Amid the demolition rows all over London, the lack of public confidence in WLCAs should be concerning, given the need for far more of them.
Anna Pamphilon, director at Pamphilon Architects and an Architects Declare committee member, reiterates that ‘there is a big skills gap in industry’ and says it is ‘important that architects become literate in WLCAs’.
She points out that ‘accurate, proportionate and non-biased WLC reporting to precisely set standards will be imperative if we are to cut carbon emissions and legislation will play a key part in ensuring that this happens.’
The Twentieth Century Society’s Croft agrees on the need for ‘objective scrutiny, and clearer guidance on collating, presenting and evaluating [WLCAs]’ – adding that ‘with [the current] fundamentally adversarial approach, developers will continue to run rings around the best policy intentions’.
It’s something the government has shown an interest in. It agrees on the need for ‘a standardised method of calculation’ and ‘the creation of a level playing field’. While the government plans to leave industry ‘to find the best solutions’ it will , it says, investigate ‘endorsement of specific standards, methodologies or tools for assessing whole-life carbon,’ in its 2023 consultation.
And, while the rolling-out of more WLCAs may elicit concerns in the short term – given the current problems highlighted by campaign groups – it will also produce a vast amount of data that will help standardise calculations and make assessment easier. ‘WLCA is not sophisticated enough yet, but we need to keep doing it so we can get sophisticated at it,’ explains Wyatt.
While he says retrofit is almost always the lower carbon option, Wyatt also urges developers not to focus solely on carbon calculations and to justify demolition and new build ‘in terms of its wider sustainability, social or economic value’.
As for Sturgis, he insists it should not be left to developers and their consultants to spell out the common-sense need for a retrofit-first approach in London and other cities.
‘Local authority, GLA and national policies all call for rapid decarbonisation to tackle the climate emergency,’ he points out. ‘But planning guidance is never clear that demolition must be a fall-back option, with refurbishment as the default mode of development. That is a big part of the problem.’
For a technical overview of WLCA methodologies, see The Regs
Case study: London Wall West (Museum of London and Bastion House)
Existing buildings Bastion House, a 17-storey, 1960s office block, and Museum of London Complex, a three-storey, 1970s museum refurbished in 2010. Both designed by Powell & Moya.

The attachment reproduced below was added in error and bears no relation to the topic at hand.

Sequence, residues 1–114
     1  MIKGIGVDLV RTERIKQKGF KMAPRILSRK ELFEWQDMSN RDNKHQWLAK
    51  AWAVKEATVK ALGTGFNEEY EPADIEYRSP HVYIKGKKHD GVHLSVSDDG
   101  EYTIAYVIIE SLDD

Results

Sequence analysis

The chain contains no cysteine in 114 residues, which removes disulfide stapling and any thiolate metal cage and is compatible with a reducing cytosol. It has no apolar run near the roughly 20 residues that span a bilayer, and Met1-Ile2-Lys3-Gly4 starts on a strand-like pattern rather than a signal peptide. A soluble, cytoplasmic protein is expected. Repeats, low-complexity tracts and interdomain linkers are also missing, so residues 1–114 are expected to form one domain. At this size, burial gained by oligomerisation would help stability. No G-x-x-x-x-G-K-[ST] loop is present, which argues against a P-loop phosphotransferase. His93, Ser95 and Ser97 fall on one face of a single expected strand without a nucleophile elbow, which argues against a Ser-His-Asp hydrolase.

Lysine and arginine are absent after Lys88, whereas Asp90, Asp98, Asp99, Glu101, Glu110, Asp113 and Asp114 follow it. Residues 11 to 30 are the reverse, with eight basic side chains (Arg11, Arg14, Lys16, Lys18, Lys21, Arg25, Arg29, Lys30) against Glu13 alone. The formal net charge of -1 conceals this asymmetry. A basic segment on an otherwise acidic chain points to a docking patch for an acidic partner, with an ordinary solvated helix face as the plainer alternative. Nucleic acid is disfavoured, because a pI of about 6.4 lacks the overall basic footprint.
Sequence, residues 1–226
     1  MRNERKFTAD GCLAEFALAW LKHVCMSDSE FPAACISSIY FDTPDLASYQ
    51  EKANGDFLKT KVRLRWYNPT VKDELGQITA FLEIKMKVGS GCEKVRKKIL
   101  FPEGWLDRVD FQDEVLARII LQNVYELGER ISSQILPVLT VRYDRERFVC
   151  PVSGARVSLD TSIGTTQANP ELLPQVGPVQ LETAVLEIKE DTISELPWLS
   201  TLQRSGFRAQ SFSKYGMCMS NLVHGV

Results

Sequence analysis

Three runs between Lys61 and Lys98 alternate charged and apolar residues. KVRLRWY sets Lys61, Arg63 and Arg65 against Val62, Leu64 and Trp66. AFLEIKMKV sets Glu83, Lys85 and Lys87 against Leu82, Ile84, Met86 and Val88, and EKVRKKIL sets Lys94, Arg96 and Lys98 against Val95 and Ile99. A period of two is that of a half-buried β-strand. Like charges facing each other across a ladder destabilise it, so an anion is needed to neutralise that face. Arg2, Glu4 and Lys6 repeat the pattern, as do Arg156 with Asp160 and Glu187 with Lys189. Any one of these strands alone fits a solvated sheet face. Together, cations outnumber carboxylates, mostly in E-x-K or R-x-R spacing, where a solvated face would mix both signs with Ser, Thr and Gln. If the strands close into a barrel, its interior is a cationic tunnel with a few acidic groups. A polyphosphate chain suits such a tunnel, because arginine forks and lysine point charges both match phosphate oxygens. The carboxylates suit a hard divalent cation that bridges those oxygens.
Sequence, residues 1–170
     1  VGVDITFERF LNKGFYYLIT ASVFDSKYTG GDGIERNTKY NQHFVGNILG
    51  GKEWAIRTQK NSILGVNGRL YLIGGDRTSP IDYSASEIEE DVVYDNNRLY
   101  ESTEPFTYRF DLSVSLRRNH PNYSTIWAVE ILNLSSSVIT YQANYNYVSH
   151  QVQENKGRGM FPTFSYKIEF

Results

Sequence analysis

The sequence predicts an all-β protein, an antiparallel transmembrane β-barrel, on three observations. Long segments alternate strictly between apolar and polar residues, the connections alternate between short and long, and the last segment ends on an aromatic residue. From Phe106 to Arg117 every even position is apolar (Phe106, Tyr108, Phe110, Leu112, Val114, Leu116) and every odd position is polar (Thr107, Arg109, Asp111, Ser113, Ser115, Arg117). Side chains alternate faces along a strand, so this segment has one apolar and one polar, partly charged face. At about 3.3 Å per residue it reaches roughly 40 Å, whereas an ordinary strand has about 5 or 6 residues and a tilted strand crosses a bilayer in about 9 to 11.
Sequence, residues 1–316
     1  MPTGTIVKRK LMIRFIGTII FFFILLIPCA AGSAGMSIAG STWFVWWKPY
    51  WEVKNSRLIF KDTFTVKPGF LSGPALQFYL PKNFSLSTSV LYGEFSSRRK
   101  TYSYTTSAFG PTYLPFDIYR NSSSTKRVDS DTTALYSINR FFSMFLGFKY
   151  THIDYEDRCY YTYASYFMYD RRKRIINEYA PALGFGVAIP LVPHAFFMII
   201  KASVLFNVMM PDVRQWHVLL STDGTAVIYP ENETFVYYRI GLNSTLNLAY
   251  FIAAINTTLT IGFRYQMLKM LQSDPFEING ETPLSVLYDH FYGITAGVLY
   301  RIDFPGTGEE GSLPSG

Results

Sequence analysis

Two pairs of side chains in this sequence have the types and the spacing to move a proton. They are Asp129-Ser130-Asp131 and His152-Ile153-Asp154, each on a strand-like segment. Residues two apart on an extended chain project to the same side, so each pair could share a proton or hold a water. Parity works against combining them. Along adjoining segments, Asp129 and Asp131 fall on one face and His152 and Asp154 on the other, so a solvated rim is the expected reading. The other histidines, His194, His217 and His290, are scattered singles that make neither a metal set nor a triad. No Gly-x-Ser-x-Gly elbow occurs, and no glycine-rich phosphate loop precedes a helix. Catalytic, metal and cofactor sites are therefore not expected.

Architect of new scheme Sheppard Robson and Diller Scofidio + Renfro
Developer City of London
What the developer’s WLCA (by a City of London-led team) says ‘The analysis concludes that retaining existing building fabric does not achieve the most sustainable outcome for this transformative and strategic site. The redevelopment option would perform 10 per cent better than the retention option [on kgCO2e], which would still require a significant carbon investment.’
Campaign group Barbican Quarter Action
What the Simon Sturgis-authored report says ‘The London Wall West WLCA appears to be designed to pay lip-service to the requirement to examine retrofit […] The analysis concludes that retaining existing building fabric does not achieve the most sustainable outcome for this site. On the information provided in the report this is clearly not the case.’
Case study: One Museum Street (Selkirk House)
Existing building 17-storey hotel block built in the 1960s
Architect of new scheme DSDHA
Developer BC Partners and Simten
What the developer’s WLCA says ‘The whole-life carbon forecast for the proposed development is 106,000,000 kgCO2e over a 60-year period – or 89,000,000 kgCO2e taking into account for decarbonisation of the grid.’
Campaign group Save Museum Street and Climate Emergency Camden
What the Simon Sturgis-authored report says ‘This assessment […] gives an incorrect impression of the carbon impacts of the proposed scheme. It appears to be designed to specifically rule out retrofit as an option to ensure the proposed demolition and redevelopment, rather than to positively examine options for repurposing and retrofit.’
Case study: M&S Oxford Street
Existing buildings 1929 Orchard House, 1960s 23 Orchard Street and 1980s Neale House. All four or five storeys
Architect of new scheme Pilbrow & Partners
Developer Marks & Spencer
What the developer’s WLCA says ‘The total whole-life carbon forecast for the building is 134,000 tonnes CO2e. The analysis concludes that the development, using alternative low carbon solutions, could save up to 9,500 tonnes CO2e of embodied carbon at practical completion, compared with not using them.’
Campaign group SAVE Britain’s Heritage
What the Simon Sturgis-authored report says ‘The current comparison between a “light-touch refurbishment”, which is fundamentally resource and carbon-inefficient, and the proposed new build is not a relevant comparison and is clearly skewed in favour of new build. This has given rise to the incorrect claim that the new build “would outperform a refurbishment of the existing building in whole-life carbon terms within 16 years and possibly less”.’